It will be led by the North Texas Association of Philippine Physicians (NTAPP) in cooperation with Governor Jose Alvarez, 3rd District Rep. Gil Acosta, 3rd District Board Member Albert Rama, and the municipal government of Aborlan.
Acosta said the NTAPP was composed of 44 Filipino physicians who arrived Sunday to bring free medical and minor surgical services to indigent residents of Aborlan.
The physicians will perform various surgeries such as circumcision, harelip repair, breast-lumpectomy, biopsy, simple mastectomy, herniorrhaphy, hysterectomy-myomectomy, oophorectomy, appendectomy, colon resection with end to end anastomosis, amputation for gangrene, thyroidectomy, lysis adhesions, colostomy, cesarean section and tubal ligation.
PUERTO PRINCESA CITY, Palawan—Around 5,000 members and supporters of the Palawan for President Rodrigo Duterte Movement came together here early Thursday afternoon in a grand rally to back the declaration of a “revolutionary government.”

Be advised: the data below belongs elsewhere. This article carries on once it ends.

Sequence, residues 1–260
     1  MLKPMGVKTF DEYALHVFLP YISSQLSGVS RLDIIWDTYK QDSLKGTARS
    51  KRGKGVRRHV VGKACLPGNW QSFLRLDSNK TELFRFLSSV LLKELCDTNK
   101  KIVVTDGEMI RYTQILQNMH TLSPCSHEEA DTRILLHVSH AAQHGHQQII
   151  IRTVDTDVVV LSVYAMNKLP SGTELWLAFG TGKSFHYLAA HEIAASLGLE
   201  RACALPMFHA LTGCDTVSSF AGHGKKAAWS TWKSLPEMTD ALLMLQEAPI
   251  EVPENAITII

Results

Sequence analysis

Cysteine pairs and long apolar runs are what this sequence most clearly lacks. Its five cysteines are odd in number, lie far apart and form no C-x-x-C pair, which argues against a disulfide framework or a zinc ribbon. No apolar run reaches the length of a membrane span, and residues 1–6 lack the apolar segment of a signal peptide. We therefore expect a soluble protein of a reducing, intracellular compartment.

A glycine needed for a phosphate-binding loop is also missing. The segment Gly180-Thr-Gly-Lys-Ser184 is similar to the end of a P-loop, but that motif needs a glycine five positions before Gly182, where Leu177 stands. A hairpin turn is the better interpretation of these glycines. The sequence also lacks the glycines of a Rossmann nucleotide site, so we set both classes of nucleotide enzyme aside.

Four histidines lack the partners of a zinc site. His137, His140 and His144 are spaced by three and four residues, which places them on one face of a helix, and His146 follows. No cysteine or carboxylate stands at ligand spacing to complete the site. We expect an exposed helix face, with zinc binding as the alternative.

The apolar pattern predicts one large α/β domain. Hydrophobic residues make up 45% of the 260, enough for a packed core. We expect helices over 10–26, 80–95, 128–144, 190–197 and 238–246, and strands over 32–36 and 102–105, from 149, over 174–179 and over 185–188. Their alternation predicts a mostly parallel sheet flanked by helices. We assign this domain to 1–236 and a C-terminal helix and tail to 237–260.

The mass assembly started with a motorcade of nearly 100 vehicles at the Puerto Princesa City Coliseum, in Barangay San Pedro, to the People’s Amphitheater in Mendoza Park, 2.7 kilometers to the center of the city. Continue reading
PINK. Red and white make up its characteristics: passion and energy, peace and purity. The mixture gives a color commonly associated with romance. Albeit also associated with femininity, it has a deeper meaning: love, caring and understanding humanity.
Pink also makes one an intuitive person. Pink also connotes conforming to social norms is less of a concern to someone.
Pink is also Puerto Princesa, Palawan.
The pink color of the exuberantly beautiful Palawan balayong tree flower, commonly referred to as the Palawan Cherry Blossom, is now the symbol of Puerto Princesa. The balayong tree will bloom all year round, accentuating another city symbol that has graced its seal for many years, the regal Pheasant Peacock, locally known as tandikan. Continue reading